Not to sound like a broken record, but bank stocks have been under pressure in recent weeks as a result of interest-rate movements. But rather than worrying specifically about a rising-rate environment, Wall Street and investors appear most concerned about the inversion of the two-year and 10-year U.S. Treasury yields. While not every yield-curve inversion is followed by a recession, every recession dating back multiple decades has been preceded by a two-year/10-year yield-curve inversion.

Interestingly, though, the cyclical nature of the banking industry can actually be viewed as a positive if you're a long-term investor. Despite recessions being an inevitable part of the economic cycle, periods of contraction often last for only a few months or a couple of quarters.

By comparison, economic expansions are measured in years. This means bank stocks like BofA tend to benefit from the natural expansion of the U.S. economy over time.

What makes Bank of America such an intriguing investment opportunity at the moment is its interest-rate sensitivity. No big bank stands to benefit more from a rising-rate environment than BofA. When the company reported its year-end results in January, it noted that a 100 basis-point parallel shift in the interest-rate yield curve would bring in an estimated $6.5 billion in added net interest income over the next 12 months. With the nation's central bank forecasting north of 100 basis points in cumulative hikes in 2022, Bank of America is potentially set for a windfall of extra interest income.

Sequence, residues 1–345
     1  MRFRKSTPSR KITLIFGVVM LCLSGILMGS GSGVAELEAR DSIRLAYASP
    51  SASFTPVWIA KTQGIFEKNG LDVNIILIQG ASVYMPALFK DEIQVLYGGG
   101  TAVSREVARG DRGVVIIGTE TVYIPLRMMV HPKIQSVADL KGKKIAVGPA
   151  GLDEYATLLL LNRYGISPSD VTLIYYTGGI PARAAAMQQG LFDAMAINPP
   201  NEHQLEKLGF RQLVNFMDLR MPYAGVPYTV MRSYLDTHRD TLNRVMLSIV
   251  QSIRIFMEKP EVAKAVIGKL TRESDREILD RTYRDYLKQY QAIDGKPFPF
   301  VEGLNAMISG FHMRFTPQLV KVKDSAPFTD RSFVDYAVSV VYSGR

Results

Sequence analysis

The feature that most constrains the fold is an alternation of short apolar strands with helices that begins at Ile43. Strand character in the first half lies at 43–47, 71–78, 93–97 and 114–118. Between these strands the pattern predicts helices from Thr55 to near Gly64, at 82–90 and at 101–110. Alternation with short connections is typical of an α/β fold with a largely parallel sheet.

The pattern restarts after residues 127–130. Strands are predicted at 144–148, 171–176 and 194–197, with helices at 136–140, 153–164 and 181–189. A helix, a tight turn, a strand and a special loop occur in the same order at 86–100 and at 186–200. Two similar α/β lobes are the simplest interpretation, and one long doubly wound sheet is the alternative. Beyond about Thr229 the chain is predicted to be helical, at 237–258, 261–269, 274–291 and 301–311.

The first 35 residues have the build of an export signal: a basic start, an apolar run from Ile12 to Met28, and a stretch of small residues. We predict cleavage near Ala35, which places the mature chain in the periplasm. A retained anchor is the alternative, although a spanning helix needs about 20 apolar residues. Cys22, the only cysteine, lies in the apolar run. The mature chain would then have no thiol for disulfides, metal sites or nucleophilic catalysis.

Also, as I've previously pointed out, Bank of America's digitization efforts are progressing nicely. Over the past three years, the company has increased its active digital banking users by 5 million to 41 million and has seen the percentage of sales completed digitally jump from 31% to 49% over the same stretch. Digital transactions are substantially cheaper for the company than in-person or phone-based interactions.

With profits expected to jump considerably over the next two years, Bank of America's recent pullback is the ideal time for opportunistic investors to go shopping.